Visual interpolation of surfaces defined through motion
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The ability of human visual system to interpolate surfaces when the structure of the objects was defined through motion was investigated in a series of experiments. The type of the surface, the position of an area devoid of dots (the gap) and the type of gap edges was varied. The local orientation of the interpolated surfaces was estimated by a method of adjustment. The results show that the interpolated surfaces possessed less depth than the simulated ones. The type of the surface and the position of the gap had a significant effect on the performance. The worst results were obtained for a surface with orientation discontinuity (dihedral angle) where not only the shape of the interpolated surface differed significantly from the simulated one but the variability of the estimates was largest as well. The type of the gap edges did not affect the performance. The results are discussed in relation to the algorithms of surface interpolation.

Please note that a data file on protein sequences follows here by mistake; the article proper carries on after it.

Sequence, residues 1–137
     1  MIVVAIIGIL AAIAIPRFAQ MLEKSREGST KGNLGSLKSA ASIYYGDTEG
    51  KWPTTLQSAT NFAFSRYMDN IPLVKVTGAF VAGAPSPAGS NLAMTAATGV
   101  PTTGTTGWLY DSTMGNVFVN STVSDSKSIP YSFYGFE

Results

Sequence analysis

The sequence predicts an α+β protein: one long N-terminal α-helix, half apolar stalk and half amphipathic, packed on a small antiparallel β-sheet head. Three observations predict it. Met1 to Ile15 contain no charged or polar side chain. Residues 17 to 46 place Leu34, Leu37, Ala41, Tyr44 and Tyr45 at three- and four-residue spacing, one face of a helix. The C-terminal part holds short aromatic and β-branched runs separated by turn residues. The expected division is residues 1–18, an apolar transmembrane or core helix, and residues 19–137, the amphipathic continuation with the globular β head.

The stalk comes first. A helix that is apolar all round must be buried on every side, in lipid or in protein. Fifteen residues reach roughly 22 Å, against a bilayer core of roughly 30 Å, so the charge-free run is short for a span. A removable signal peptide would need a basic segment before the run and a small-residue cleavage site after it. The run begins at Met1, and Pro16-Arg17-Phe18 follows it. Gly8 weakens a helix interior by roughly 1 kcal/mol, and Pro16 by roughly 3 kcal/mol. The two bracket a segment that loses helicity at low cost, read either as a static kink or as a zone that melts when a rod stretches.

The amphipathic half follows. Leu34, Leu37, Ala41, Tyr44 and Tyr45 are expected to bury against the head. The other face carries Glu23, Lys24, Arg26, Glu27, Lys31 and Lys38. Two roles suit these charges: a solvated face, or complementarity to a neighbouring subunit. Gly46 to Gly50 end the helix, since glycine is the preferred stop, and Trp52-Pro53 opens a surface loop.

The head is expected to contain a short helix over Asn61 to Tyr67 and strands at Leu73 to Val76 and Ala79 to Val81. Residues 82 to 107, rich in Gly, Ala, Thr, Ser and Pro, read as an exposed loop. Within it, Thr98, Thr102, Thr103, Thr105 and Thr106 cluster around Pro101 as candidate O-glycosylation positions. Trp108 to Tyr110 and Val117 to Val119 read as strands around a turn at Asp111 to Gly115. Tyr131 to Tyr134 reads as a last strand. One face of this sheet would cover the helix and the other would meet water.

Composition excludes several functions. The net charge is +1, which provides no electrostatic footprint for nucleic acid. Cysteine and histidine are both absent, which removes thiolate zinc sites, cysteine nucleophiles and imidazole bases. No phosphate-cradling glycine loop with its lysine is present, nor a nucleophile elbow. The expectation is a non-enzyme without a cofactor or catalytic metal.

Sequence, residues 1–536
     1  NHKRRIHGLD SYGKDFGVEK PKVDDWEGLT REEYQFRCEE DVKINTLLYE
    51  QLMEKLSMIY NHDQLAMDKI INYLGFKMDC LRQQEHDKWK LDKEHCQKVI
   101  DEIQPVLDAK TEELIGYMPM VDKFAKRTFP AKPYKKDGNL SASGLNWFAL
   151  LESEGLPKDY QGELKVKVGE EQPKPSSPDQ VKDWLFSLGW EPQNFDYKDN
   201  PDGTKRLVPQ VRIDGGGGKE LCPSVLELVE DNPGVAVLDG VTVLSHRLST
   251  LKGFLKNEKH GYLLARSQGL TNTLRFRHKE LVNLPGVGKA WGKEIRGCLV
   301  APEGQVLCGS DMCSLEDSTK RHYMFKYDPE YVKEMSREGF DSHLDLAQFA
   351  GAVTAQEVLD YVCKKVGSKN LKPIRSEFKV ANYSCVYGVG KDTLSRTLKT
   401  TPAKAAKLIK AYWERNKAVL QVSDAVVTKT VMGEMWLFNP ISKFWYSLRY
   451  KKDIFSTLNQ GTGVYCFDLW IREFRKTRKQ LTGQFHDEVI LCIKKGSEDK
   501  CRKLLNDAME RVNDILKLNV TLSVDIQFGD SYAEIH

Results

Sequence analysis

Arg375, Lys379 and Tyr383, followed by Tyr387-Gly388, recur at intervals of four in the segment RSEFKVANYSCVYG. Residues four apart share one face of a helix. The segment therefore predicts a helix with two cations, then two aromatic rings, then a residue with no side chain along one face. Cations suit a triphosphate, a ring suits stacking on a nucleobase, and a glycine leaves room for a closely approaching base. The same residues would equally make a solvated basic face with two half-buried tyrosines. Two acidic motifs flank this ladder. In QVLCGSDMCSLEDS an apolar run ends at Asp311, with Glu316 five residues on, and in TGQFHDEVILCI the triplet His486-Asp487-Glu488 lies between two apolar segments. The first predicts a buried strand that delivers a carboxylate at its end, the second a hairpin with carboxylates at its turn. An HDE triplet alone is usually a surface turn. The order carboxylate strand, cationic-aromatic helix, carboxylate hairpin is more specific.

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N. Bocheva, Department of Mechanisms of Perception, Institute of Physiology, Bulgarian Academy of Sciences, 23 Acad. G. Bonchev St., Sofia 1113, Bulgaria